$newvm = NEW-VM -Name $VMNAME -Path  C:\ClusterStorage\Volume1\ -VHDPath "C:\ClusterStorage\Volume1\$VMNAME\c.vhdx" -SwitchName "Guest"
Set-VM $newvm -ProcessorCount 4 -DynamicMemory -MemoryMinimumBytes 1GB -MemoryStartupBytes 2GB -MemoryMaximumBytes 8GB
Set-VMNetworkAdapterVlan -VMName $VMName -VlanId 123 -VMNetworkAdapterName "Network Adapter" -Access
Add-ClusterVirtualMachineRole -Cluster MYCLUSTER -VMName $VMName

As always, the beauty of PowerShell is that you can take this little snippet and bring it into something much more wondrous and magical with just a little bit of work. In my case, I have a workflow that will do the following:

  1. Create a PS-Session to a host within my cluster
  2. Create a new folder on my Cluster Shared Volume based on the VM parameter
  3. Copy the Gold Image VHD to the Clustered Shared Volume
  4. Mount the VHD on the parent partition
  5. Inject the Computer Name and IP Address, and “IP of the Provisioning Server” information into the VHDx (to create a firewall rule in real-time)
  6. Unmount the VHD
  7. Create the VM (using above code)
  8. Power on the VM
  9. Wait a bit of time for the VM to run through it’s autounattend and come online
  10. Remotely connect to the VM through WS-MAN and WMI to finish build (domain join, Windows Updates, role/feature installation)

With about 25 lines of PowerShell, you can have your own highly flexible Scripted Cloud solution without installing any additional software! (My script is actually about 300 lines, due to lots of debugging code, error handling, et cetera, but the work is done in about 25 lines.)

An example of how it all works:

  • Create a PS-Session to a host within my cluster
$s = New-PSSession -ComputerName MYHYPERVBOX
Invoke-Command -Session $s -ScriptBlock {
param ($VMName, $IP,$ProvIP)
}  -ArgumentList $VMName,$IP,$ProvIP

The following steps happen within the PS-Session braces above.

  • Create a new folder on my Cluster Shared Volume based on the VM parameter
mkdir C:\ClusterStorage\Volume1\$VMNAME
  • Copy the Gold Image VHD to the Clustered Shared Volume
COPY D:\Win8_Gold.vhdx C:\ClusterStorage\Volume1\$VMNAME\C.VHDx
  • Mount the VHD on the parent partition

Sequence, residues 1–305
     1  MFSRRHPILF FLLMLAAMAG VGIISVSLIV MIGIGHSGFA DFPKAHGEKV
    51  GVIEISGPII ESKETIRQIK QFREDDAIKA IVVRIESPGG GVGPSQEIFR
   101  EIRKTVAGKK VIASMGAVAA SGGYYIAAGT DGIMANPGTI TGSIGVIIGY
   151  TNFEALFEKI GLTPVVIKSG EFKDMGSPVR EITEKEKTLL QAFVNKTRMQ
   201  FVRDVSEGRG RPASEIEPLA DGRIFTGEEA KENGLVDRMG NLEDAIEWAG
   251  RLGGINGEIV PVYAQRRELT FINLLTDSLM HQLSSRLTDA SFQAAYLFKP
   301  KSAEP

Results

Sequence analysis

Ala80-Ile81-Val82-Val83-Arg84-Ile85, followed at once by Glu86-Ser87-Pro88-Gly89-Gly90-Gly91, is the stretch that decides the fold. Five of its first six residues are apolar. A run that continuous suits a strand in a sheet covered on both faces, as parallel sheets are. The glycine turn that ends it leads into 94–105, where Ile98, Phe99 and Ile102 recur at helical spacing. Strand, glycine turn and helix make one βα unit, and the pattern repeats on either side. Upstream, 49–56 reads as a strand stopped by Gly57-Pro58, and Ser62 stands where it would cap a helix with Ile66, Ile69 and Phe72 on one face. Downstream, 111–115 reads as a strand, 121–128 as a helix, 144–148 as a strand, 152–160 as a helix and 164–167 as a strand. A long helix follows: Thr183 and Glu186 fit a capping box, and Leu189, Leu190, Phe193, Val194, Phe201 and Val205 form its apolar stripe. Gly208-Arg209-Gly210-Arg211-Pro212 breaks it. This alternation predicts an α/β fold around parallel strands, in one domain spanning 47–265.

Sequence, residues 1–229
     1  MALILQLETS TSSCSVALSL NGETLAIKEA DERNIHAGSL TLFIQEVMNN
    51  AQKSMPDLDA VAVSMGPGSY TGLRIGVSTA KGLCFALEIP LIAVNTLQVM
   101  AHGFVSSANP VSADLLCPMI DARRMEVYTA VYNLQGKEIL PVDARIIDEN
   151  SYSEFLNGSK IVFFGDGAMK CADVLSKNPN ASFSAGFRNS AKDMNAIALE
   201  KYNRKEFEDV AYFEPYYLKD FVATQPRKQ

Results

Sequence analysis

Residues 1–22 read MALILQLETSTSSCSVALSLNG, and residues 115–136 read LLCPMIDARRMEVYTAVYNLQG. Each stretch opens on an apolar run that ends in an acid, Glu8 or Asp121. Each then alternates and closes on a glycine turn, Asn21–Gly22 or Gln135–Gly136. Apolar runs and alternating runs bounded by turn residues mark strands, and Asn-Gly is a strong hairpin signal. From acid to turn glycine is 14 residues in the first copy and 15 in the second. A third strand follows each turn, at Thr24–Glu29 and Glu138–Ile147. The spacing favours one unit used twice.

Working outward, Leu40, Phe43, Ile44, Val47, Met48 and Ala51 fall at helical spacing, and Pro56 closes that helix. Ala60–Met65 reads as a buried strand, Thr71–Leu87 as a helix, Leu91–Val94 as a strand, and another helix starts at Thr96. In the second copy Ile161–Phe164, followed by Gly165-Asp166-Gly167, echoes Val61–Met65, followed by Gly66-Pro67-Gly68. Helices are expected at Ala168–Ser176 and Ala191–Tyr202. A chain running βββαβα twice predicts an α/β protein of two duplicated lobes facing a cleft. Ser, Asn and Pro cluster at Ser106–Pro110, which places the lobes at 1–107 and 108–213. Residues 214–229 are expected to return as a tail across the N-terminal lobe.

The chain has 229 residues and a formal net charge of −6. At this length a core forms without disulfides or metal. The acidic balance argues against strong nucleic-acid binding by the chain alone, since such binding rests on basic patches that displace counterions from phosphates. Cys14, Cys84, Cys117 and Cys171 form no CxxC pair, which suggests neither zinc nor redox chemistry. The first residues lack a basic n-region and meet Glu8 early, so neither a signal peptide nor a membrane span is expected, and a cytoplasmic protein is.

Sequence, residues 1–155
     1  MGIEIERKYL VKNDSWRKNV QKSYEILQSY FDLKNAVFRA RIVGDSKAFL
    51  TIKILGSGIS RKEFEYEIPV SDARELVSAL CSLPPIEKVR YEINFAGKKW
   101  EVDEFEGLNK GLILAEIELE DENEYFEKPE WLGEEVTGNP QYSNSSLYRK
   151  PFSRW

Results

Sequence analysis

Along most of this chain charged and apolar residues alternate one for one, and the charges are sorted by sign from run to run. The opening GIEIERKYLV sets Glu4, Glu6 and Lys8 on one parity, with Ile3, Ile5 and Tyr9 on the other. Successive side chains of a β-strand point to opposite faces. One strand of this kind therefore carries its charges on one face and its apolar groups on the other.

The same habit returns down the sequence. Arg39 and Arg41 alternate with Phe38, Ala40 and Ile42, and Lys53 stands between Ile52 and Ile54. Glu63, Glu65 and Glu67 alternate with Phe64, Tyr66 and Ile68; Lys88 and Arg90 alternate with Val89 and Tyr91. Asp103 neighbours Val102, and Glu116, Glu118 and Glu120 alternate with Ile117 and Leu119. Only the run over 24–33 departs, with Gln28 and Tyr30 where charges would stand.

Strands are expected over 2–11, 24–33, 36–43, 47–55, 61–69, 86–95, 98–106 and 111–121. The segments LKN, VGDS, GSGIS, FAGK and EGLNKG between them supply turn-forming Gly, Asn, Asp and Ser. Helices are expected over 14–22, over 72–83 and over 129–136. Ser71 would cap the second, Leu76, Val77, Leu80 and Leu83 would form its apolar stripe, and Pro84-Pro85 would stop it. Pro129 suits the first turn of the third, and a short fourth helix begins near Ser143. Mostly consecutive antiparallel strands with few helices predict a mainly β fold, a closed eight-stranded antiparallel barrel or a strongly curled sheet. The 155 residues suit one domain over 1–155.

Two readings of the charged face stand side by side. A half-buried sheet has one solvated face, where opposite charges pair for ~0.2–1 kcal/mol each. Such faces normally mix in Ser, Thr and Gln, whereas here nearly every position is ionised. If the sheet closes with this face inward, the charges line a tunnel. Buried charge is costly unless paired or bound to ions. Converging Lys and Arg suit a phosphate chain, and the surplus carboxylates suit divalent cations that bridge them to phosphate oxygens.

$mountedvhd = Mount-VHD C:\ClusterStorage\Volume1\$VMNAME\C.VHDx -Passthru -NoDriveLetter
Add-PartitionAccessPath -DiskNumber $mountedvhd.DiskNumber -PartitionNumber 2 -AccessPath C:\VHDMountPoint
  • Inject the Computer Name and IP Address, and “IP of the Provisioning Server” information into the VHDx
ac  C:\VHDMountPoint\Build\computername.txt $VMName
ac  C:\VHDMountPoint\Build\ip.txt $IP
ac  C:\VHDMountPoint\Build\expresssetup1.ps1 'netsh advfirewall firewall add rule name="Temp-InProvisioning" action=allow direction=in profile=All remoteip=$ProvIP'
ac  C:\VHDMountPoint\Build\expresssetup1.ps1 'shutdown -r -t 1'
  • Unmount the VHD
Remove-PartitionAccessPath -DiskNumber $mountedvhd.DiskNumber -PartitionNumber 2 -AccessPath C:\VHDMountPoint
Dismount-VHD -DiskNumber $mountedvhd.DiskNumber
  • Create the VM
$newvm = NEW-VM -Name $VMNAME -Path  C:\ClusterStorage\Volume1\ -VHDPath "C:\ClusterStorage\Volume1\$VMNAME\c.vhdx" -SwitchName "Guest"
Set-VM $newvm -ProcessorCount 4 -DynamicMemory -MemoryMinimumBytes 1GB -MemoryStartupBytes 2GB -MemoryMaximumBytes 8GB
Set-VMNetworkAdapterVlan -VMName $VMName -VlanId 123 -VMNetworkAdapterName "Network Adapter" -Access
Add-ClusterVirtualMachineRole -Cluster MYCLUSTER -VMName $VMName
  • Power on the VM
Invoke-Command -Session $s -ScriptBlock {param ($VMName) Start-VM $vmname } -ArgumentList $VMName
  • Wait a bit of time for the VM to run through it’s autounattend and come online
while (!($(Test-Connection -ComputerName $IP -Count 1 -ErrorAction SilentlyContinue)))
sleep 60
Write-Host "Waiting for machine to come online"
  • Remotely connect to the VM through WS-MAN and WMI to finish build (domain join, Windows Updates, role/feature installation)
    This part is a bit more complicated and the subject of a later blog post. 🙂

I hope this snippet of PowerShell gets you excited about the flexibility and endless possibilities of setting up your own scripted cloud in Hyper-V with Windows 8.

Good Luck, and Happy Virtualizing!


Hyper-V Tips and Tricks – C-States – Still not all they’re cracked up to be.

It’s been almost a full year since I wrote this post on C-States, but I wanted to post an update and state that it still applies. Though most of the issues have been ironed out these days, in early testing of Windows 8, a few issues have crept up around C-States again, and I’d recommend that if you ever run into odd unexplained performance issues on your deployment, this would be the first thing to double-check. One additional comment I wanted to add that I didn’t really mention in the post last year is that there might be multiple settings in your BIOS, such as one for C1E. You’ll want to disable C1E in addition to C-States.

I had an interesting chat a month or two back with an engineer from a certain related technology company who shall remain nameless in which he argued that having C-States enabled on your server is like buying a high-performance race car but only driving below 55 MPH to save gasoline (or some metaphor like that, it doesn’t really matter), and if you wanted performance, you should disable it. The irritating thing about this is there’s a ton of press that comes out about all of the energy efficiency and green initiatives and blah blah blah, going on about how great these Intel procs can manage power, and that they can sleep or power down unused cores etc, but in the end, that’s all total marketing and you just disable all that and run it with your amp turned to 11.

In the end, the best way to conserve power is to load each host as full as you can load it, and then power off the spare hosts, rather than spreading your workloads across all your hosts and letting them run at 50%.